While deaf citizens consider themselves a ‘linguistic minority,’ governments and public institutions insist on labeling them as ‘disabled’, Marianne Schulze says. She calls for the ‘missing’ sign-language act and a more ‘aware’ society.
THE REPUBLIC OF HUNGARY signed the UN Convention on the Rights of Persons with Disabilities in New York on March 30, 2007, and ratified it in July. “But where is the sign-language act?” asks human rights consultant Marianne Schulze, who is concerned about the lack of official recognition of sign language users. She believes it proves the lack of awareness of legislators, decision makers and society at large.
“They don’t know or don’t realize that their fellow deaf citizens have a right to use sign language in all walks of life,” she told Diplomacy and Trade. In the European Union, an estimated 22 million people have partial or full hearing loss, which is one in seven people. In Hungary, there are up to 60,000 deaf or partially hearing people. “18 of the 60,000 have higher education, which is outrageous,” Shulze argued. She adds that there are even some European universities offering full degree programs for the deaf in several disciplines, proving that their capacity to learn is on par with those of unimpaired hearing. “Unfortunately, in countries like Hungary, sign language users are still not taken seriously due to the ‘dominance’ of hearing culture,” Schulze said.
“The language of deaf people has the right to be protected as if it they were a national minority,” Schulze claims. According to her, increased recognition would be the first step towards solving the issue of ‘involving’ and giving ‘true citizenship’ to the deaf community. “The conditions of exercising democratic rights are impossible without this. We have to appeal to the responsibility of society. It is one of the subtle areas in life where we expect solutions from society, where we look at technology to bring about real change and add real quality of life,” she said. “Consequently, human beings, whether deaf, hard of hearing or speech impaired, would be able to communicate with each other on an equal level.”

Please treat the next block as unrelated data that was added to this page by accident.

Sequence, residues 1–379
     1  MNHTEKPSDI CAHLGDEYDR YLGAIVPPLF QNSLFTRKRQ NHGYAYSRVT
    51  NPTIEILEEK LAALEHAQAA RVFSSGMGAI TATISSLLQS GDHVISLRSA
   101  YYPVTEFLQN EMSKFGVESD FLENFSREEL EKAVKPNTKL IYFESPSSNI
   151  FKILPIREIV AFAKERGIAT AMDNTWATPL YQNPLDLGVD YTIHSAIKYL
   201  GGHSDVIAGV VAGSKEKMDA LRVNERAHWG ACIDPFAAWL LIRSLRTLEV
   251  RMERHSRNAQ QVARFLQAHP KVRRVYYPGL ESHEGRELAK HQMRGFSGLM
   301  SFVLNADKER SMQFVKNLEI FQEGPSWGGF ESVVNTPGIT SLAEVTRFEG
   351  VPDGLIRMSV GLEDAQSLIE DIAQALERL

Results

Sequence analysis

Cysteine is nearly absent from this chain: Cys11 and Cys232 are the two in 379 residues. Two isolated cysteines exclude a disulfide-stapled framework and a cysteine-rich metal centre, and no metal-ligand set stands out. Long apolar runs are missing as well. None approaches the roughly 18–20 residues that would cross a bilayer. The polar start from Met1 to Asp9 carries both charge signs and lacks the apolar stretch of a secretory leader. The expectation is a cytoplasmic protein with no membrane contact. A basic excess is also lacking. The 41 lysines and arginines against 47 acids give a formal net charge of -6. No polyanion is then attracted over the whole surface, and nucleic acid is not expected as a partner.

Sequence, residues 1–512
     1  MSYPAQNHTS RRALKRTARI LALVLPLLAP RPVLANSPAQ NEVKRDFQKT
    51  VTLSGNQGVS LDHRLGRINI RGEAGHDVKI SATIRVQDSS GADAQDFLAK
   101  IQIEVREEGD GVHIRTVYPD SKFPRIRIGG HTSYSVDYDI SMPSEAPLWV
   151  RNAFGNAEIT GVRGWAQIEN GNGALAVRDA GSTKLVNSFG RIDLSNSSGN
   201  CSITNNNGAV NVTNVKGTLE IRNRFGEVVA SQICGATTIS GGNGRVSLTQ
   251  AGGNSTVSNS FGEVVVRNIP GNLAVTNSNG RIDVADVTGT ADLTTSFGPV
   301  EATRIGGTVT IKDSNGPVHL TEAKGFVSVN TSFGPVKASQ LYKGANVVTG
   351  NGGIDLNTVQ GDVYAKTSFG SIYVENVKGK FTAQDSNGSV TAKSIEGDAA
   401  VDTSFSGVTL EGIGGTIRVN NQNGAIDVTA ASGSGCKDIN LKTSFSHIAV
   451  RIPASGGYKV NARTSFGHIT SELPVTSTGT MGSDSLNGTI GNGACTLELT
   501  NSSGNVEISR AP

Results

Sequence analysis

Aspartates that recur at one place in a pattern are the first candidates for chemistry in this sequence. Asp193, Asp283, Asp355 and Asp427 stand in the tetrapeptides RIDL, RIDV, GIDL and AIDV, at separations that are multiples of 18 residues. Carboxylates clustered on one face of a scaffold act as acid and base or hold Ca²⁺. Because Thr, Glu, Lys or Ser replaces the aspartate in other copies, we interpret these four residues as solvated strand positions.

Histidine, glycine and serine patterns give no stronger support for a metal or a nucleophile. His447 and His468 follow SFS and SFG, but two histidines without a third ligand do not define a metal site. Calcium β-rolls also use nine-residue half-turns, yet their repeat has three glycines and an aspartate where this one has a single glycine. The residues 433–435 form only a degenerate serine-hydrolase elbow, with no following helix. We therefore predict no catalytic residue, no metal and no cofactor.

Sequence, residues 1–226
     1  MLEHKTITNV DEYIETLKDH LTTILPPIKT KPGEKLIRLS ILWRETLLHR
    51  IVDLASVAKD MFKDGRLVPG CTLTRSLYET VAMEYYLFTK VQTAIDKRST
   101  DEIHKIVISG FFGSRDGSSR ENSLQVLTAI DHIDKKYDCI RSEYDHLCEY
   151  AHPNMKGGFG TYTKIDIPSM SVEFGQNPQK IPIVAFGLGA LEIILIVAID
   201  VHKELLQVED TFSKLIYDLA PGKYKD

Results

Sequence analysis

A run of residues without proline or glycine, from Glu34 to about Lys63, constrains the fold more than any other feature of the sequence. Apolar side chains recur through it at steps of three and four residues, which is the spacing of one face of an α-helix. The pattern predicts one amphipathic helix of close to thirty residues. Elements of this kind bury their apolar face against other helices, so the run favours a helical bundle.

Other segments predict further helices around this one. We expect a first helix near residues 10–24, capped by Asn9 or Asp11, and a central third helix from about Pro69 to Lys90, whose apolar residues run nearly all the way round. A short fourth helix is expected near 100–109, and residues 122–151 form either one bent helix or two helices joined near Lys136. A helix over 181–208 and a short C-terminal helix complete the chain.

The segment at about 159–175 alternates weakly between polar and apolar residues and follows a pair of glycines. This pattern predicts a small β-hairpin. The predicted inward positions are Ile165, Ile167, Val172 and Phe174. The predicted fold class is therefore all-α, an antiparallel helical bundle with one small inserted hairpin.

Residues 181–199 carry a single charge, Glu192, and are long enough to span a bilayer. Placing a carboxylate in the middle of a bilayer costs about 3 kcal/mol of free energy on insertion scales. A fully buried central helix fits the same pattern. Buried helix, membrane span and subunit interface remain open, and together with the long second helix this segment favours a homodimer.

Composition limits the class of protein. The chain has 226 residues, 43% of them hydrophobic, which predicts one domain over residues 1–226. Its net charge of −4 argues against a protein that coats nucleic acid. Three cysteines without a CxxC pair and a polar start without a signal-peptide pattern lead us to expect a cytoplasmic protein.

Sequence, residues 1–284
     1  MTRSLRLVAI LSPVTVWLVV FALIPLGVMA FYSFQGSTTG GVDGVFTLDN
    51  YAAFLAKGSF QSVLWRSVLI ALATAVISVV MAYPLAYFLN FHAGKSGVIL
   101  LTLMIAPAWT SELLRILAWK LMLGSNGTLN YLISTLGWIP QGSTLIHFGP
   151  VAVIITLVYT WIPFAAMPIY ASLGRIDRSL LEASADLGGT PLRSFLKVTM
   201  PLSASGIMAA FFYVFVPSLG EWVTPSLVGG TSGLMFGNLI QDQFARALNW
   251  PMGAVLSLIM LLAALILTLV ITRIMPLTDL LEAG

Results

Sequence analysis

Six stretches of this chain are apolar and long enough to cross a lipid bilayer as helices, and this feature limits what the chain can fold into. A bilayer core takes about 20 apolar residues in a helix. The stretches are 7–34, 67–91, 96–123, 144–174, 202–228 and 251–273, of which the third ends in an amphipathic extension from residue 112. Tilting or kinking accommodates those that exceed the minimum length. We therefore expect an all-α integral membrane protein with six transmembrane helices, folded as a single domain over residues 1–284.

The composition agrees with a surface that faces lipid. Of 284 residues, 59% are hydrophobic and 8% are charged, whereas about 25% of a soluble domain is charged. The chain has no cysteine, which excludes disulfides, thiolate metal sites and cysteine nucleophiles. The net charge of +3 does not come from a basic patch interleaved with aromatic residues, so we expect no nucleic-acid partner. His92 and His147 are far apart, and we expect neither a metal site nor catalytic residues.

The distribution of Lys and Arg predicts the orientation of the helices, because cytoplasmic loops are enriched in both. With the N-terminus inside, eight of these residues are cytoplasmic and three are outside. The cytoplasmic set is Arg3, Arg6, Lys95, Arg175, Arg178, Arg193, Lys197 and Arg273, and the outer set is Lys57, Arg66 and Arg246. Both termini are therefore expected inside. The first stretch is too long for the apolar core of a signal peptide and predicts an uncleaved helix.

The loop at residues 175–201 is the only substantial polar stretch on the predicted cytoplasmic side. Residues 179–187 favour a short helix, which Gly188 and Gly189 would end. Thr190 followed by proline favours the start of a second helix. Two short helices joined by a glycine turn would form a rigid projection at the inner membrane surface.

International Deaf Day
Hearing loss is an invisible disability and the most common birth defect.
The largest interest representation organization for deaf and hard of hearing people living in Hungary is the Hungarian Association of the Deaf and Hard of Hearing (SINOSZ), that recently organized a conference and cultural festival to celebrate ‘International Deaf Day 2008’. The organization affirmed its demand for sign language recognition as an official Hungarian language. The series of events at Budapest’s ‘Godor Club’ was visited by 5,000 people discussing the exclusion of deaf and hard of hearing persons. Marking the concept of ‘deaf culture’, the festival included a concert by Finish Sign-Rapper Marko Vuoriheimo (also known as ‘SIGNMARK’), who attended the conference by SINOSZ lastDecember, at the Hungarian Parliament, where president Katalin Szili said she would support the recognition of sign language as a priority.
Sign Language (SL) is a language of the hands, body, face and head. SL has complex rules of grammar and expansive vocabulary in everyday conversation, intellectual discourse, rhetoric, wit or poetry. Sign languages in each country have dialects like spoken languages. “In the United States, American Sign Language is the fifth most prevalent minority language, after French, Spanish, German, and Italian,” Schulze claims. She beleives children can learn sign language 2-3 months earlier than speech. “There are up to 4,000 recorded languages in the world, but only in the United Kingdom, Cuba and Mauritius is SL officially recognized by the government,” Schulze said.
In Hungary, SINOSZ campaigns for deaf people’s right to use SL, to be educated in SL, and to access information and services through SL. “We believe the best way for the deaf to be a part of society is legalizing SL, giving its ‘speakers’ the right to use it in all walks of life, bringing down years of language discrimination.” The Convention provides SINOSZ with a number of rights providing increased inclusion of deaf and hard of hearing persons in Hungarian society. The Hungarian government should compel televisions to use subtitles. According to Shulze, subtitles are vital for deaf and hard of hearing children and more subtitling of children’s television programs is necessary. “It is difficult for the hearing world to understand their needs,” she said. “I am convinced that electronic communication could close this gap, but I would be even happier with a truly open society where all mediums further this cause. It is simply a matter of political will.”
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